Journal of
Systemics, Cybernetics and Informatics

 ISSN: 1690-4524 (Online)    DOI: 10.54808/JSCI


Analysis of Dielectrophoretic Movement of Cell Flowing in Micro-Channel Related to Shape of Cell
Shigehiro Hashimoto, Ryuya Ono
Pages: 1-8
Dielectrophoresis has been tried to be applied to cell sorting technology in previous studies. In the present study, the movement of mouse myoblast cells flowing through the perpendicular electric field in a micro- channel has been analyzed in vitro. A pair of asymmetric surface electrodes of titanium was manufactured by the photolithography technique: a triangular electrode with the tip angle of 0.35 rad, and a rectangular electrode with the flat edge as the reference. The cyclic alternating electric current of the square wave with the period of 0.3 μs was introduced between the surface electrodes to induce the asymmetric electric field perpendicular to the main flow direction. The suspension of cells (C2C12: mouse myoblast cell line) was injected into the flow channel, and the flow rate was controlled by the pressure head between the inlet and outlet. The velocity of each cell related to the shape and alignment is measured. Experimental results show that the velocity change near the tip of the electrode is lower for a highly elongated cell. The maximum movement perpendicular to the main flow direction occurs when the major axis is perpendicular to the main flow direction.

Free Will: A New Formulation
Eric Sanchis
Pages: 9-14
Free will is sometimes summarised in the philosophical literature as the subjective impression felt by an individual that he or she is the ultimate source or cause of his or her own choices. The two most common arguments for denying the existence of free will come from philosophy and neuroscience. The first argument is the Consequence Argument. The second asserts that our decisions are first made by the brain and only then become conscious to the subject, taking away the control of the decision. The purpose of these two arguments is to demonstrate that an individual cannot be the source or primary cause of his or her choices. It is shown in this work that the concepts of primary cause and primary source are not adequate to state a solid characterisation of free will. A new formulation of this property is proposed in which it is seen as a three-stage decision-making process implemented by an individual to escape his or her own real or supposed alienation. This decision-making process is represented in the form of a computer model called the Predictability - Suspension - Unpredictability (PSU) model. The compatibility of this new formulation of free will with the feeling it provides and the analysis of various situations are then discussed.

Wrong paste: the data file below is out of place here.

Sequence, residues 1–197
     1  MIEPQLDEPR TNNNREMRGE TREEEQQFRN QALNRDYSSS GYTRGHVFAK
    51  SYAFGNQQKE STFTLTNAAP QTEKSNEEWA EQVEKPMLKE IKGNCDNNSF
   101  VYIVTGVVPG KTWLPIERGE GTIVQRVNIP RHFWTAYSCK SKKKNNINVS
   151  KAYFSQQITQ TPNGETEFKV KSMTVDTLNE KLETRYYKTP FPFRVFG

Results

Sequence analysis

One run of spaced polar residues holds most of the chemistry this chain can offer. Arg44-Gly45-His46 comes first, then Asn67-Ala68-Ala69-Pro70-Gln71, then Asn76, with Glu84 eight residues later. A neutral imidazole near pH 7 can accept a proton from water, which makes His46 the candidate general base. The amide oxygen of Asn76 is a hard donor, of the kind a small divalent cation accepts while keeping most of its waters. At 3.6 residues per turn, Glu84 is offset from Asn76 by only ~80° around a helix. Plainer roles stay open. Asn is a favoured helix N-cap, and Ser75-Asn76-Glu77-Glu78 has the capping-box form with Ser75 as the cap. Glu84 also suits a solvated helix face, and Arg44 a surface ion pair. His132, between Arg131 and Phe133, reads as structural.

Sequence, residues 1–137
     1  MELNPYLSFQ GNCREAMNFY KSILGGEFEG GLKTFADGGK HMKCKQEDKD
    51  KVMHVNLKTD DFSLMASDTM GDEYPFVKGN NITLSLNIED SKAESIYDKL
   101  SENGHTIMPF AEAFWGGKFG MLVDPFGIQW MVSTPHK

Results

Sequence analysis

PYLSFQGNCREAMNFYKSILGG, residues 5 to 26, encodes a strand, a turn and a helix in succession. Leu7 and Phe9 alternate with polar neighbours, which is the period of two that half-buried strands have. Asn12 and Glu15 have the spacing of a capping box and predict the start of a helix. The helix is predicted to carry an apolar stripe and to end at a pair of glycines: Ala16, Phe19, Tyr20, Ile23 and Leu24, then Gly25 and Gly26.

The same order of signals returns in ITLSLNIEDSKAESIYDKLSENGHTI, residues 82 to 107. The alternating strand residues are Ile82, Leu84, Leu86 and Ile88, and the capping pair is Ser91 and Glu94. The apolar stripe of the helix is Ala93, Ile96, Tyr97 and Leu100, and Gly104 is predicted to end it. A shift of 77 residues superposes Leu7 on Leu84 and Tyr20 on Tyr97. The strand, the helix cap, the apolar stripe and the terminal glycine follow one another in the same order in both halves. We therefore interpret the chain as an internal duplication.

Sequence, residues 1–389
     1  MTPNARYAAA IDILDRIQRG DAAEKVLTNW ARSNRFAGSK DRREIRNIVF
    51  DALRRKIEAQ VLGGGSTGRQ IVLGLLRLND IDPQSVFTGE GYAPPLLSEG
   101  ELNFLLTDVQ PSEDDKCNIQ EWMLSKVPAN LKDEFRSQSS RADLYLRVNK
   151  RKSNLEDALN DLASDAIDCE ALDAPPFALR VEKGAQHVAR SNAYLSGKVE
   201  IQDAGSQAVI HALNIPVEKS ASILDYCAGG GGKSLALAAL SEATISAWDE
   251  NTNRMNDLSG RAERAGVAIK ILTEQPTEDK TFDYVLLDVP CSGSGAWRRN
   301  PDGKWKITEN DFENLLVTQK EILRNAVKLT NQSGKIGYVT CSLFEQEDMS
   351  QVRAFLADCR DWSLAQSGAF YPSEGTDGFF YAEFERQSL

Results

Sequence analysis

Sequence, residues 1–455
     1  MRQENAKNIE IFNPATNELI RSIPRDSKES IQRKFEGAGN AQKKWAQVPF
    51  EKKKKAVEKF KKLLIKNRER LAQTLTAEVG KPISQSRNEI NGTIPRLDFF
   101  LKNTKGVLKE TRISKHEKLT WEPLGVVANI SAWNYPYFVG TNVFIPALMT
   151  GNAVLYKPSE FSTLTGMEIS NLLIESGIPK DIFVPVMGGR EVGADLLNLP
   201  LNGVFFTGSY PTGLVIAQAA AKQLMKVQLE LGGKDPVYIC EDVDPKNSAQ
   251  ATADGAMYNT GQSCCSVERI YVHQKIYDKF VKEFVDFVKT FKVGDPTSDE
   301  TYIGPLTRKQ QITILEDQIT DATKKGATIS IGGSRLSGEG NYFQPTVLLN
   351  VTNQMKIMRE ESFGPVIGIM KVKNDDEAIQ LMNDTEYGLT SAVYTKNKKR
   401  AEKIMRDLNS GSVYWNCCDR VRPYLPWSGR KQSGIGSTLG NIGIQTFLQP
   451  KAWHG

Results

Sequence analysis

Articulating Methodology: A Potentiator Device on Permanent Health Education
Maria Edna Moura-Vieira, Simone Alves-Hopf, José Tomas Real Callado, Maria das Graça Luderitz Hoefel
Pages: 15-23